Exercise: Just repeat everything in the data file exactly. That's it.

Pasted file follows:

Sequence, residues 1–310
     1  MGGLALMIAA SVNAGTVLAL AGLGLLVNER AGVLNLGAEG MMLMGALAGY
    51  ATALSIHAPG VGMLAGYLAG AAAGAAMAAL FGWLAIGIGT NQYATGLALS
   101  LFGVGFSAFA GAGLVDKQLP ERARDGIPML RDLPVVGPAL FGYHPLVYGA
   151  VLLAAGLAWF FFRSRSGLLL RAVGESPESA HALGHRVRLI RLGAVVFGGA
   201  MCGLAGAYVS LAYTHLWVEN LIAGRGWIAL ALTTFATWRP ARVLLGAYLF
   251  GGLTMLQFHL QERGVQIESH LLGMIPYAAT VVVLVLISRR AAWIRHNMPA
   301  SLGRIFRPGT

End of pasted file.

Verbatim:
Sequence, residues 1–310
     1  MGGLALMIAA SVNAGTVLAL AGLGLLVNER AGVLNLGAEG MMLMGALAGY
    51  ATALSIHAPG VGMLAGYLAG AAAGAAMAAL FGWLAIGIGT NQYATGLALS
   101  LFGVGFSAFA GAGLVDKQLP ERARDGIPML RDLPVVGPAL FGYHPLVYGA
   151  VLLAAGLAWF FFRSRSGLLL RAVGESPESA HALGHRVRLI RLGAVVFGGA
   201  MCGLAGAYVS LAYTHLWVEN LIAGRGWIAL ALTTFATWRP ARVLLGAYLF
   251  GGLTMLQFHL QERGVQIESH LLGMIPYAAT VVVLVLISRR AAWIRHNMPA
   301  SLGRIFRPGT